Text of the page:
• In addition, various aspects of the disclosure may be disabled by the user. Thus, a user may elect to prevent computing device 2 from collection and/or transmitting location information associated with computing device 2, obtained images, or any other information related to the location of where computing device 2 is located or where the user resides. In addition, the user may prevent computing device 2 from transmitting information identifiable of the user without confirmation. Computing device 2 may present one or more screens requesting that the user elect to transmit any or all information. In this manner, the user may control what information, if any, is transmitted to a networked server or other computing device. More generally, privacy controls may be applied to all aspects of the disclosure based on a user's privacy preferences to honor the user's privacy preferences related to the use of computing device 2 or any other computing device or functionality described in this disclosure.
  • FIG. 2 is a block diagram illustrating an example computing device 2. Computing device 2 of FIG. 2 is described below within the context of FIG. 1. In other examples, computing device 2 can include fewer, additional, or different components compared to those illustrated in FIG. 2. For example, although user interface device 4 (“UID 4”) is shown in FIG. 2 as being integral with computing device 2, in other implementations, UID 4 may be operably coupled to computing device 2, e.g., by a wired or wireless data connection. As shown in the example of FIG. 2, computing device 2 includes UID 4, one or more processors 40, one or more input devices 42, one or more communication units 44, one or more output devices 46, and one or more storage devices 48. In this example, storage devices 48 of computing device 2 also include UI module 6, search module 8, device location module 10, predictive module 12, and operating system 52. Communication channels 50 may interconnect each of the components 4, 6, 8, 10, 12, 40, 42, 44, 46, 48, and 52 for inter-component communications (physically, communicatively, and/or operatively). In some examples, communication channels 50 may include a system bus, a network connection, an inter-process communication data structure, or any other method for communicating data.
  • One or more input devices 42 of computing device 2 may receive input. Examples of input are tactile, audio, and video input. Input devices 42 of computing device 2, in one example, includes a presence-sensitive display, touch-sensitive screen, mouse, keyboard, voice responsive system, video camera, microphone or any other type of device for detecting input from a human or machine. A presence-sensitive display may include both a presence-sensitive input device and a display device. In addition, input devices 42 may include one or more optical sensors, such as a digital camera. The one or more optical sensors may obtain images for a visual search. A microphone may obtain audio information for an audio search.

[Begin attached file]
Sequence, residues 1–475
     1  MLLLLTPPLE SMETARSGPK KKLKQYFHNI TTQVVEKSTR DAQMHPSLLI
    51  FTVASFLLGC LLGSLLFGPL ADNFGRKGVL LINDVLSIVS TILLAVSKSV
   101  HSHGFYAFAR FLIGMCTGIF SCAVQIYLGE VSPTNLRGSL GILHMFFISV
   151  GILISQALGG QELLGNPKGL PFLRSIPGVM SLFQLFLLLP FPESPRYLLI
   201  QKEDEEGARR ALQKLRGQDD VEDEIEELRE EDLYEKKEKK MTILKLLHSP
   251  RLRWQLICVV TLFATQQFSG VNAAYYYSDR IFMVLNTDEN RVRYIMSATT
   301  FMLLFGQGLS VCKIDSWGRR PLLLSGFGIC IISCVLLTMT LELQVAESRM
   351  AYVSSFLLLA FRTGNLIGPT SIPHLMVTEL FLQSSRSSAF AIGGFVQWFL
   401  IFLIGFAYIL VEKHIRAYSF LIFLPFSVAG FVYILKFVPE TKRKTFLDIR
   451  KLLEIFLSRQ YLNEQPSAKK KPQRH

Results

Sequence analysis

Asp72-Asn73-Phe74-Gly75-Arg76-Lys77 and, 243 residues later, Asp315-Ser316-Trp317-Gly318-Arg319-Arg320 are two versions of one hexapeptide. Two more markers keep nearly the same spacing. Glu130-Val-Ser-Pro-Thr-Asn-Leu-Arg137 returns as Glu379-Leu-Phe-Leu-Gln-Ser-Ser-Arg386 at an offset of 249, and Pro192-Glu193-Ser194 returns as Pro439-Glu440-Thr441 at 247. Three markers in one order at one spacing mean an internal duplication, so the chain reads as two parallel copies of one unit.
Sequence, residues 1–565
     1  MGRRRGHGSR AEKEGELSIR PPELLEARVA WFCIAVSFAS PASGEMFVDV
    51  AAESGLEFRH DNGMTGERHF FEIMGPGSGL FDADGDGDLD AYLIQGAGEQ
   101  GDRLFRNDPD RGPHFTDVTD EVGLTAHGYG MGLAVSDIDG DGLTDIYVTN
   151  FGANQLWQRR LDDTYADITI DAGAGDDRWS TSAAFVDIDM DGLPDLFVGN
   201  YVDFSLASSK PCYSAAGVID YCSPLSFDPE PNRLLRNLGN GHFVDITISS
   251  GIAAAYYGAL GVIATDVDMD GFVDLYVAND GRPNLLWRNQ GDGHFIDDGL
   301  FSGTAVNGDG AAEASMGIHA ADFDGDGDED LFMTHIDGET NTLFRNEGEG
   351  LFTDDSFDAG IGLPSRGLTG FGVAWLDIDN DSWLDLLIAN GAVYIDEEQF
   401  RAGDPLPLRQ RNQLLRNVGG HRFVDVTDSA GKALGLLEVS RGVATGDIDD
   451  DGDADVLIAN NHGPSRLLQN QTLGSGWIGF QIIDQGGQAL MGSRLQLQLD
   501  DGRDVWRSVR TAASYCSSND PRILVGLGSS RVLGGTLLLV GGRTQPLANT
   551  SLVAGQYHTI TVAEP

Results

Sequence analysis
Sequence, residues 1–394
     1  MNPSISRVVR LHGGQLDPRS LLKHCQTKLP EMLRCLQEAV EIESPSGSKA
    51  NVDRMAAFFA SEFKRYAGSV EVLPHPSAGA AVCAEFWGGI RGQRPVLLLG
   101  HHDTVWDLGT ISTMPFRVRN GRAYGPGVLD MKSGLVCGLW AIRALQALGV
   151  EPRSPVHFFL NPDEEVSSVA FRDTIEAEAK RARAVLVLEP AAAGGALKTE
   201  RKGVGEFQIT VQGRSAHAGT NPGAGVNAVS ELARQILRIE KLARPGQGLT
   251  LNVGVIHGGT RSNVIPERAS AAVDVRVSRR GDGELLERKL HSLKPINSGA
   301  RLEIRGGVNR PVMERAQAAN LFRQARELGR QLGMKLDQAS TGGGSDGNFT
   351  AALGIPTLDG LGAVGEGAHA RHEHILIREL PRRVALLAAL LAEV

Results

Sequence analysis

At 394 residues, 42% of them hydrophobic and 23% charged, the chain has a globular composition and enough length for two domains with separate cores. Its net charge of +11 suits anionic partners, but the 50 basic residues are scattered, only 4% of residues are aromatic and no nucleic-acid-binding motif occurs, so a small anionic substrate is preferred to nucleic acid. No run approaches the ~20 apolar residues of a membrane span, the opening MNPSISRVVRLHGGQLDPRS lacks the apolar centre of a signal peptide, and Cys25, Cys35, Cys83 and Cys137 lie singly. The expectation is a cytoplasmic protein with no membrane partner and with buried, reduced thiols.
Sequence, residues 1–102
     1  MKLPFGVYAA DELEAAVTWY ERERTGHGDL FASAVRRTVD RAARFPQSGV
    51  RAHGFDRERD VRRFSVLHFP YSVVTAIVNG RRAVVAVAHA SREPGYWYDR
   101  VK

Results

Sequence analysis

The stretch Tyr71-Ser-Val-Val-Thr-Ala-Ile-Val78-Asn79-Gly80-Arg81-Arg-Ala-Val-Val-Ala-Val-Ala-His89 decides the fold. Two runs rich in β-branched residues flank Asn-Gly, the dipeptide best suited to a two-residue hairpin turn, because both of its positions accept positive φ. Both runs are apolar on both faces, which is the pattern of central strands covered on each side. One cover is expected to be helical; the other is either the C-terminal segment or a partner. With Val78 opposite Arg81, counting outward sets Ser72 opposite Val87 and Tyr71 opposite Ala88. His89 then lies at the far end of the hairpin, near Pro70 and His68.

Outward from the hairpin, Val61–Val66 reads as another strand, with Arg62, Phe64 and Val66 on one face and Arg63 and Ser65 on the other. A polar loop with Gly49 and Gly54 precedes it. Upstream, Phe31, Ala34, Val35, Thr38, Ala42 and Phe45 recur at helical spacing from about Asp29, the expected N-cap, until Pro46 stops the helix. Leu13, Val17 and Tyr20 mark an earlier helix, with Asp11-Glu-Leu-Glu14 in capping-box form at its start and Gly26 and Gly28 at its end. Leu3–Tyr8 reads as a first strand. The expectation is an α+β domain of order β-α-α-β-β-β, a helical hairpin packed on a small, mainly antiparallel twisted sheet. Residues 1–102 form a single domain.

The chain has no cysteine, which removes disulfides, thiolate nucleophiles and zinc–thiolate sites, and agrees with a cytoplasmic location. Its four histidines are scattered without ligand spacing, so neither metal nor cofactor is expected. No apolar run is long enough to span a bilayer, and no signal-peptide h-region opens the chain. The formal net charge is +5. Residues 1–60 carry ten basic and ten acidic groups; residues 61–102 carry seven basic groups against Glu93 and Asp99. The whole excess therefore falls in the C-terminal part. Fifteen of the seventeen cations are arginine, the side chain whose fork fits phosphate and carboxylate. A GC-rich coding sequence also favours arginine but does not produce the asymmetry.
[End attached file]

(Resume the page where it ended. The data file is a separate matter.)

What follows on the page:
• One or more output devices 46 of computing device 2 may generate output. Examples of output are tactile, audio, and video output. Output devices 46 of computing device 2, in one example, includes a presence-sensitive display (which may include a display device), sound card, video graphics adapter card, speaker, cathode ray tube (CRT) monitor, liquid crystal display (LCD), or any other type of device for generating output to a human or machine.
  • One or more communication units 44 of computing device 2 may communicate with external devices (e.g., a networked server such as networked server 162 of FIG. 4) via one or more networks (e.g., network 160 of FIG. 4) by transmitting and/or receiving network signals on the one or more networks. For example, computing device 2 may use communication unit 44 to transmit and/or receive radio signals on a radio network such as a cellular radio network. Likewise, communication units 44 may transmit and/or receive satellite signals on a satellite network such as a GPS network. Examples of communication unit 44 include a network interface card (e.g. such as an Ethernet card), an optical transceiver, a radio frequency transceiver, a GPS receiver, or any other type of device that can send and/or receive information. Other examples of communication units 44 may include Bluetooth®, GPS, 3G, 4G, and Wi-Fi® radios found in mobile devices as well as Universal Serial Bus (USB) controllers.
  • UID 4 of FIG. 2 may include a presence-sensitive display. Computing device 2 may use the presence-sensitive display as an input device and an output device. For example, the presence-sensitive display of UID 4 may include a touchscreen (e.g., a presence-sensitive input device) configured to receive tactile user input from a user of computing device 2. The presence-sensitive display of UID 4 may also include a light emitting diode (LED) display (e.g., a display device) capable of outputting visible information to the user of computing device 2. UID 4 may present a user interface on the presence-sensitive display, such as predictive GUI 14 of FIG. 1, which may be related to functionality provided by computing device 2. For example, the presence-sensitive display of UID 4 may present various functions and applications, such as an electronic message client, a map application, an Internet browser for accessing and downloading information from the Internet, and a social media application. In another example, the presence-sensitive display of UID 4 may present a menu of options related to the function and operation of computing device 2, such as screen brightness and other configurable mobile phone settings.